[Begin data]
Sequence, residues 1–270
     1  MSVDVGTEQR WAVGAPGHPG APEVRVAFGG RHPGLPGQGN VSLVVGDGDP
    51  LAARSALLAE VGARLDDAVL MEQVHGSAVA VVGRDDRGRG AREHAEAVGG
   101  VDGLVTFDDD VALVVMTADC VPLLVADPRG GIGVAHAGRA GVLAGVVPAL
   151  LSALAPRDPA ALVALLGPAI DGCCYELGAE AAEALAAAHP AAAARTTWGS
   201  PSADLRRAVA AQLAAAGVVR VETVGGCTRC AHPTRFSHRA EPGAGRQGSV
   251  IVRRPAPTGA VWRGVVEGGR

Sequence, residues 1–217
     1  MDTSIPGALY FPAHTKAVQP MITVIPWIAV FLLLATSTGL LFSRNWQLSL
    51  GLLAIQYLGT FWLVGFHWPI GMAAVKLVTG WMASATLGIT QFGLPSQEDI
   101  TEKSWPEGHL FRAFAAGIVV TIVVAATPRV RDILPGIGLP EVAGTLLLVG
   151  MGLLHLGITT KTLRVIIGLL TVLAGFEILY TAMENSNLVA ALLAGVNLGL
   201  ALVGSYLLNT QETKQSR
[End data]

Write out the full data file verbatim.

Sequence, residues 1–270
     1  MSVDVGTEQR WAVGAPGHPG APEVRVAFGG RHPGLPGQGN VSLVVGDGDP
    51  LAARSALLAE VGARLDDAVL MEQVHGSAVA VVGRDDRGRG AREHAEAVGG
   101  VDGLVTFDDD VALVVMTADC VPLLVADPRG GIGVAHAGRA GVLAGVVPAL
   151  LSALAPRDPA ALVALLGPAI DGCCYELGAE AAEALAAAHP AAAARTTWGS
   201  PSADLRRAVA AQLAAAGVVR VETVGGCTRC AHPTRFSHRA EPGAGRQGSV
   251  IVRRPAPTGA VWRGVVEGGR

Sequence, residues 1–217
     1  MDTSIPGALY FPAHTKAVQP MITVIPWIAV FLLLATSTGL LFSRNWQLSL
    51  GLLAIQYLGT FWLVGFHWPI GMAAVKLVTG WMASATLGIT QFGLPSQEDI
   101  TEKSWPEGHL FRAFAAGIVV TIVVAATPRV RDILPGIGLP EVAGTLLLVG
   151  MGLLHLGITT KTLRVIIGLL TVLAGFEILY TAMENSNLVA ALLAGVNLGL
   201  ALVGSYLLNT QETKQSR